Chapter 9: Pointers

Pointers have a reputation of being a tough nut to crack. In some cases this is true, but on a basic level, they are just a bit more complicated than ordinary variables. You should try to have at least a general idea of what pointers are and how they work because they are one of the most powerful programming tools available.

Declaring Pointers

A pointer is nothing more than a special variable. Unlike an ordinary variable that stores a value of a specific type, a pointer stores an address of a memory location. The name pointer comes from the fact that a pointer doesn't hold a specific value but points to a location in memory where the value is stored.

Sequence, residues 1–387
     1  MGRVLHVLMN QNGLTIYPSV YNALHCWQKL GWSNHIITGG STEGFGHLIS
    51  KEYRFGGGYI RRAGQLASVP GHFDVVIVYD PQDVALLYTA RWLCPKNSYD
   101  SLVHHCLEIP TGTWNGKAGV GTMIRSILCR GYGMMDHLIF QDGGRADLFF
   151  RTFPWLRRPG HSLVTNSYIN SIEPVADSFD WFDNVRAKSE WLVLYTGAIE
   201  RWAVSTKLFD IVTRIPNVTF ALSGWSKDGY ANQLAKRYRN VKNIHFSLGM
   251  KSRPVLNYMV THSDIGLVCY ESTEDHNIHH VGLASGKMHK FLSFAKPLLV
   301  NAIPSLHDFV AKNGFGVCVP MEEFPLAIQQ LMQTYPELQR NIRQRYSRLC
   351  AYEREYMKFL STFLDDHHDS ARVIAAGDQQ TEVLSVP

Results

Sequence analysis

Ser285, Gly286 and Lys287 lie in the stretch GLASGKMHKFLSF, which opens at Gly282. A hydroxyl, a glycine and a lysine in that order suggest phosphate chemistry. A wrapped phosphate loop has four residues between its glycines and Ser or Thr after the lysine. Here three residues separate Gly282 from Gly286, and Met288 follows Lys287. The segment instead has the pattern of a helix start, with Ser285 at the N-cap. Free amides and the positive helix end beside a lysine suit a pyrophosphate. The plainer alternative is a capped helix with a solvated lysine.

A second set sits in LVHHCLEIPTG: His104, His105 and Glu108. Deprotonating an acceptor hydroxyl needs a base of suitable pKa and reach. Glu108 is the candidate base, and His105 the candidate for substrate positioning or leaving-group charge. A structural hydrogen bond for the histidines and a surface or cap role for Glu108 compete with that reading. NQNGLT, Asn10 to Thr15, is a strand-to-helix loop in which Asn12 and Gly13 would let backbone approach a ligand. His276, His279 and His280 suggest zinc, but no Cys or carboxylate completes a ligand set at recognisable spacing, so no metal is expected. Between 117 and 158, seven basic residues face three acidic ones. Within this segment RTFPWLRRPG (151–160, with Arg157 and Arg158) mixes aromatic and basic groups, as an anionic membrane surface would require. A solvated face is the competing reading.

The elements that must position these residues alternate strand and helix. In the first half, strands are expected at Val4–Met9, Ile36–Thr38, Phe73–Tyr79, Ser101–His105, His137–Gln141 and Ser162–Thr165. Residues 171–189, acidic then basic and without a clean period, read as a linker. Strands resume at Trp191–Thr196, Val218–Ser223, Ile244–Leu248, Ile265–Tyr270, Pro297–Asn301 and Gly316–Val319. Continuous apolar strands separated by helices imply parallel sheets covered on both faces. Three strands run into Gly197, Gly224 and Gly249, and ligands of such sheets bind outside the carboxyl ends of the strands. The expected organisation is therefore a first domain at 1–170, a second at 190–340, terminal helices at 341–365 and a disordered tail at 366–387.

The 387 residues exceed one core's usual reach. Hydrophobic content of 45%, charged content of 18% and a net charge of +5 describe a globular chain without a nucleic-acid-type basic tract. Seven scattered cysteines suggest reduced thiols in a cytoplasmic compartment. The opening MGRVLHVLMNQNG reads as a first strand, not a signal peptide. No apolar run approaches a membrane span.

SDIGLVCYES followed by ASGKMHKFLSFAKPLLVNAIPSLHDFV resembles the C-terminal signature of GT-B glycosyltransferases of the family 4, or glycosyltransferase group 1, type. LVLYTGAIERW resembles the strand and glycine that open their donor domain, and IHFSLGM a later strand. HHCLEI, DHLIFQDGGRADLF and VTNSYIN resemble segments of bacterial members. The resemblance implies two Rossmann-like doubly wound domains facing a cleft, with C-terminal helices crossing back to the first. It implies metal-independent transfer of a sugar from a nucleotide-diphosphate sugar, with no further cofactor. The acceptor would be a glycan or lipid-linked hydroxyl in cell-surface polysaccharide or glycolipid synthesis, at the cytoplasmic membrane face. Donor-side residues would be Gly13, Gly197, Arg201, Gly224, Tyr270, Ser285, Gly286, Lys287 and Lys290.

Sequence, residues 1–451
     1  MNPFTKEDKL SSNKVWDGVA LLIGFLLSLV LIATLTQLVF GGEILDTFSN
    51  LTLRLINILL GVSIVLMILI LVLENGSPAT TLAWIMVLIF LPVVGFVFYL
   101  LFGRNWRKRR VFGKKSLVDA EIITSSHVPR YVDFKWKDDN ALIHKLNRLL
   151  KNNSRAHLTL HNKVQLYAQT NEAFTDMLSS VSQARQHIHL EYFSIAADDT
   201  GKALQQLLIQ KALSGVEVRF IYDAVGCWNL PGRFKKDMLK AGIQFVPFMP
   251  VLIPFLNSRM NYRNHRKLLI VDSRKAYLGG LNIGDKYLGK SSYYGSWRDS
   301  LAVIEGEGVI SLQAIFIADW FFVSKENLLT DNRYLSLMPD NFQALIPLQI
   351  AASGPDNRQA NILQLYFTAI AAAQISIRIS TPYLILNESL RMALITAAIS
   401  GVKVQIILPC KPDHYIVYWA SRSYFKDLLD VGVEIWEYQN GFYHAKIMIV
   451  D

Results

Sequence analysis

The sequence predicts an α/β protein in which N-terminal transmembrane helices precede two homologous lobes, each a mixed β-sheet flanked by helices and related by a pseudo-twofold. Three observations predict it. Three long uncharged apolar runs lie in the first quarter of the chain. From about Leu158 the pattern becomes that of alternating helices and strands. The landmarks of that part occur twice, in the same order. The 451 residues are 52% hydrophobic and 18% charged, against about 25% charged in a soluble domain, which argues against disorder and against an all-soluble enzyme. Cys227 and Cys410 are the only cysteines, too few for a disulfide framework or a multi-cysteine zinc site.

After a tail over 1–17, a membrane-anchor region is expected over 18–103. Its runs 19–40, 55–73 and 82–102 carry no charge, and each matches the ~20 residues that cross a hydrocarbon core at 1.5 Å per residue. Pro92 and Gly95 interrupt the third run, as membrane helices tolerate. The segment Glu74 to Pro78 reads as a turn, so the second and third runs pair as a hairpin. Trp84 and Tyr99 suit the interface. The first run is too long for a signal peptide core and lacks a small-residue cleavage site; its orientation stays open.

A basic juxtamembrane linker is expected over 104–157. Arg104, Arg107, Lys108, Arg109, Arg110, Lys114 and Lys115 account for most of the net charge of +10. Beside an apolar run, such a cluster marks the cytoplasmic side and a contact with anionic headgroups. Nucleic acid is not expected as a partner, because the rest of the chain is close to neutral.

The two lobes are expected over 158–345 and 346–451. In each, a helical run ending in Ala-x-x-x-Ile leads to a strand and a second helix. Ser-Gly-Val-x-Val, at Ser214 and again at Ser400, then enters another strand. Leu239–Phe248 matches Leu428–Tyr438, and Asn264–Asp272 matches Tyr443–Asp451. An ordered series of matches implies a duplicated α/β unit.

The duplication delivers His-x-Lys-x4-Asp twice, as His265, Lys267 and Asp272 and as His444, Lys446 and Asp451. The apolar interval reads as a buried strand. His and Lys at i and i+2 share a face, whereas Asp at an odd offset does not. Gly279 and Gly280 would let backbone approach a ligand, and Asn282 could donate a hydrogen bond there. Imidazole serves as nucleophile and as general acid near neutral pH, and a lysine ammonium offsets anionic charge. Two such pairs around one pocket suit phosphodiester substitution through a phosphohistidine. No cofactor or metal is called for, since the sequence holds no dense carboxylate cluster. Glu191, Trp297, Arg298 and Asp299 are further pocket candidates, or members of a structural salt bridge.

There are two types of pointers in Delphi: typed and untyped (generic). Typed pointers can only be used with variables of a specific type, while untyped pointers can point to any kind of data.

To declare a typed pointer, you have to write the ^ symbol before the data type identifier:

var   I: Integer; { ordinary static variable }    P: ^Integer; { a typed pointer }

The P pointer can be used to point to any memory location that contains an integer value.

Inside Delphi 2006
Inside Delphi 2006 (Wordware Delphi Developers Library)
ISBN: 1598220039
EAN: 2147483647
Year: 2004
Pages: 212
Authors: Ivan Hladni

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